10 Surprising Facts about Alzheimer’s


Chances are, you know someone affected by Alzheimer’s disease. You may know one of the 5 million Americans who have this condition, or you may be friends with one of the 15 million regular caregivers who spend 18.1 billion hours of unpaid time caring for those with this debilitating disease. These figures illustrate the importance of finding a cure for Alzheimer’s disease, but here are 10 surprising facts about Alzheimer’s.

1. Top Form of Dementia

Alzheimer’s is the most common form of dementia. Dementia means any kind of brain disease that causes cognitive impairment and memory loss. Other types of dementia include Parkinson’s disease, vascular dementia, Huntington’s disease and mixed dementia.

2. Some Risk Factors Make Alzheimer’s Worse or Lead to Alzheimer’s

Heart disease raises your risk of Alzheimer’s, and so can high blood pressure, high cholesterol and diabetes. Poor diet and a non-active lifestyle can exacerbate symptoms of the disease.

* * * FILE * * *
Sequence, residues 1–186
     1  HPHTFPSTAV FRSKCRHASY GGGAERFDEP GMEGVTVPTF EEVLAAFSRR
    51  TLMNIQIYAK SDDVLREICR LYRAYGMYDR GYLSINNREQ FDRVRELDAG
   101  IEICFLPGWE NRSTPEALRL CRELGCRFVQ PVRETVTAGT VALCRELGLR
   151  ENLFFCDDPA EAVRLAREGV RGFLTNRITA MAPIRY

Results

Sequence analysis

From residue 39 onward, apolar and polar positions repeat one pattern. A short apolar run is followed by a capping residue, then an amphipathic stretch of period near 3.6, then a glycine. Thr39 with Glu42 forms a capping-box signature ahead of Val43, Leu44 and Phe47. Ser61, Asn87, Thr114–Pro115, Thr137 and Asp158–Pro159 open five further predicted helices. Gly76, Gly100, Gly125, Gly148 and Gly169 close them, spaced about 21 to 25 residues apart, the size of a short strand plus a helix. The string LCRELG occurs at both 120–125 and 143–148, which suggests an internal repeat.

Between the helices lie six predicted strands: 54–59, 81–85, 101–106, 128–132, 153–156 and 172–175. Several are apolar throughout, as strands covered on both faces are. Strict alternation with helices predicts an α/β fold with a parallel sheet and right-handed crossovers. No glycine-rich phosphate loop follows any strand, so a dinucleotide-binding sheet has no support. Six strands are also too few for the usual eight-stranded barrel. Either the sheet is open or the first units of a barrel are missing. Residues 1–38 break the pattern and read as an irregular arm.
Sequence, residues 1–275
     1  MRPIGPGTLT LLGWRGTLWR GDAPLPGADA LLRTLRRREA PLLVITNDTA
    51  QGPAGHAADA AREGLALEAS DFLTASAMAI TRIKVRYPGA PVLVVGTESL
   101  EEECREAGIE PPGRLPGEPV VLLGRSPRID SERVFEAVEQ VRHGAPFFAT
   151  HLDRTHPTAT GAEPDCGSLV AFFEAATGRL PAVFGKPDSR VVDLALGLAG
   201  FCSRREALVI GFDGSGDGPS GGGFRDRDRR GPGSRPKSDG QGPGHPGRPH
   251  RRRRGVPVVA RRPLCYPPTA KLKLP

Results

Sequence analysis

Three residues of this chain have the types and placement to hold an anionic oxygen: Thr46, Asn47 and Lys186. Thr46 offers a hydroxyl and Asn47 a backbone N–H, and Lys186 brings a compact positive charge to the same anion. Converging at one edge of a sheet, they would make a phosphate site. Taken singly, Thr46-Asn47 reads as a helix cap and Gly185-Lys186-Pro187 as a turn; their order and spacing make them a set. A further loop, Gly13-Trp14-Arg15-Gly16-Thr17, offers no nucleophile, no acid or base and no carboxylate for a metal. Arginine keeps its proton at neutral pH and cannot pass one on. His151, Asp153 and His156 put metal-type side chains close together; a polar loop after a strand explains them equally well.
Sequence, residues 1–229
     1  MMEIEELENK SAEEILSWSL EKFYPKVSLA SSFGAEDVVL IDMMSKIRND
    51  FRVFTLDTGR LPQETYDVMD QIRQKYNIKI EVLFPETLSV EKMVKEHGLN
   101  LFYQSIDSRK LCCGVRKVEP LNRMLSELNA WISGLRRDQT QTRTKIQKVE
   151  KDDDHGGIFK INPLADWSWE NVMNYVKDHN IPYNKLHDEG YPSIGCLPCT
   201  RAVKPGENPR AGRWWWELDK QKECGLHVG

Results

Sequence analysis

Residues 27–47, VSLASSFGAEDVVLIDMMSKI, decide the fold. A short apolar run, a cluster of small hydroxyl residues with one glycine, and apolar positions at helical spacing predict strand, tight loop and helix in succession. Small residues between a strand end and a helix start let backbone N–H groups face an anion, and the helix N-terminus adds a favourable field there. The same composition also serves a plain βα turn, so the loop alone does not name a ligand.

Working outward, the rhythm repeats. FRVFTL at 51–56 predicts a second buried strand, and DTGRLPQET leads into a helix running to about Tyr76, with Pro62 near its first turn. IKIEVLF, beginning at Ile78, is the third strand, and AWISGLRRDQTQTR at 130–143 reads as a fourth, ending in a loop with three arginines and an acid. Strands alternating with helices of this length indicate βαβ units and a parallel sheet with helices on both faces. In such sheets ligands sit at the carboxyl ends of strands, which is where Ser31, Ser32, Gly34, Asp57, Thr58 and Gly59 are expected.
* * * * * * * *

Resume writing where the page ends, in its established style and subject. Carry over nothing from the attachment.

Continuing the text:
3. Sixth-Leading Cause of Death

Alzheimer’s is the sixth-leading cause of death in the United States. About one in three senior citizens die with some sort of dementia, and around 84,000 people died from Alzheimer’s in 2010.

4. Women Are More Likely To Develop

Nearly twice as many women than men have Alzheimer’s disease. This condition gets worse faster in women than in men, plus the brain gets smaller in women compared to men.

5. Special Cause of Death

This form of dementia is the only one of the top 10 causes of death for which there is no effective treatment or cure, as of February 2017. Scientists are working on a vaccine, and there are ways to lessen the affects of symptoms. However, there is no sure way to prevent, treat or slow the progress of Alzhemier’s.

The Alzheimer's Site is a place where people can come together to support those whose lives have been affected by Alzheimer's disease. In addition to sharing stories of hope and love, shopping for the cause, and signing petitions, visitors can take just a moment each day to click on the purple button to help provide care for those living with Alzheimer's disease and research for a brighter future. Visit The Alzheimer's Site and click today - it's free!
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